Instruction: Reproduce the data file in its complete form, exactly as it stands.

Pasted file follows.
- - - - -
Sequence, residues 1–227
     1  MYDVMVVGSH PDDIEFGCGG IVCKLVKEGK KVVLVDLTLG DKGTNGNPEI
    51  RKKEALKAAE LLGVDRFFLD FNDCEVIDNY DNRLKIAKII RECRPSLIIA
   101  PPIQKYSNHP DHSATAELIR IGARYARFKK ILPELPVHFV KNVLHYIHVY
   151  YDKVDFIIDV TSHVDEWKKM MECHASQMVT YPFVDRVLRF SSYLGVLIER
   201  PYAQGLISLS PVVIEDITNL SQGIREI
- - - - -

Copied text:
Sequence, residues 1–227
     1  MYDVMVVGSH PDDIEFGCGG IVCKLVKEGK KVVLVDLTLG DKGTNGNPEI
    51  RKKEALKAAE LLGVDRFFLD FNDCEVIDNY DNRLKIAKII RECRPSLIIA
   101  PPIQKYSNHP DHSATAELIR IGARYARFKK ILPELPVHFV KNVLHYIHVY
   151  YDKVDFIIDV TSHVDEWKKM MECHASQMVT YPFVDRVLRF SSYLGVLIER
   201  PYAQGLISLS PVVIEDITNL SQGIREI